I was working with a choir, and these people were rigid. I said, “You’ve got to put more of yourself into the piece.” They said, “But we’re doing Bach’s B-Minor Mass.” And I said, “Can I remind you that Bach had twenty children? Okay?” [laughter]

You have to realize that a human being wrote this. I had a choir say, “We don’t want to get in the way of the music.” “What? Then I’m going to sit by my radio at home in my drawers and eat my popcorn!” They call it a live performance for a reason. There should be this exchange, otherwise it’s two-dimensional and who cares?

You have made me very, very happy to know that you are in the world. This is what we need more of right here.

It’s good for you to discover why you have been given the gifts that you have been given. And we are here to manifest those gifts in a way that connects people. That’s why. And folks know. They know when it’s the truth and when it’s not.

Photo: Melanie with Pete Seeger
Melanie with one of her heroes, Pete Seeger

You can feel it.

They know! And I work with a group. I do a lot of live singing for dance companies as well. But I’ve been working with this group and talking about the combination of theatre and dance and music—you’ll love this—it’s called Skywatchers, in San Francisco, a spontaneous choir and open mic. Skywatchers is in the Tenderloin, which is the rough section of San Francisco. It’s in the Tenderloin National Forest, which used to be an old crack alley, and now is the heart of the Tenderloin; you open up these gates and there’s this beautiful thing. It’s with the residents there. All of the stories are their stories. It’s incredible, and it’s theatre, it’s dance. We lead a procession through the neighborhood. Folks who are nodding off on the sidewalk lift their heads up and start singing. But that’s the thing about that connection and community and giving people a voice when they think that no one gives a shit about who they are or what they have to say or that they even have a voice! That’s what Skywatchers is all about. So you’ll wanna check that out.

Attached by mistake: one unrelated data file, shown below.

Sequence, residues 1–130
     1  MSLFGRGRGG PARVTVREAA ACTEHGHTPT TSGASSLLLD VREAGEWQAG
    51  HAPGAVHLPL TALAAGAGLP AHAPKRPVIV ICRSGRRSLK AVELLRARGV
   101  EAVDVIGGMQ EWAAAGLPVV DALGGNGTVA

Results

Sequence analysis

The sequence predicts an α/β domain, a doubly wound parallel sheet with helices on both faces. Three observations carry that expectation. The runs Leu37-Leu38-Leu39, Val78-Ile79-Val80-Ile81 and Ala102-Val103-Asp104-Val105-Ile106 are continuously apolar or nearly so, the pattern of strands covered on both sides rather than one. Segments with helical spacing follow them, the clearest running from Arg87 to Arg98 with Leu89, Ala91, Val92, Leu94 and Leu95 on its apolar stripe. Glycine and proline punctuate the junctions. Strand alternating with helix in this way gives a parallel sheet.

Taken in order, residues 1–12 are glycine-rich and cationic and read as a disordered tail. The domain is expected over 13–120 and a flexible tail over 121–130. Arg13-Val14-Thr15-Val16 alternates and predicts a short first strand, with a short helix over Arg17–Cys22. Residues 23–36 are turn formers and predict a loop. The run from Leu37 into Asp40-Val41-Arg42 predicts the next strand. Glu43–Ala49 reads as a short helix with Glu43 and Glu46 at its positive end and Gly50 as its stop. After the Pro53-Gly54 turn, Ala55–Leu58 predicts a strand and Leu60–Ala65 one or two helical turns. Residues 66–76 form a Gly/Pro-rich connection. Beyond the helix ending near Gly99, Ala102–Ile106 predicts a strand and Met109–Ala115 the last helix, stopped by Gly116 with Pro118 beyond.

I’ll go on a YouTube binge.
(I did. Highly recommended.)

I’m really appreciative of this conversation, and very glad that you are doing the work that you are doing. THANK YOU.

Well, I really am glad that you’re doing what you’re doing, too.

At that point, we wrapped things up. I felt more inspired and sure of my path than I had in ages. The world is a better place because Melanie DeMore is in it. But more than that, it’s a better place because the Children’s Music Network, all of its inspiring members, and the world of children’s music exists.

Now more than ever, we need people who are focused on connecting communities, planting the seeds of song, and helping young people cultivate the tools they’ll need as they traverse the world, so that they can grow into leaders, connectors, healers, music makers, and whatever else the future requires. We need all of our collective gifts to help guide the world through this difficult time. I don’t know exactly how I’ll be adding to that, but I know I have to, somehow. As Melanie’s song goes, “I can do that, I just don’t know how yet. Show me how….”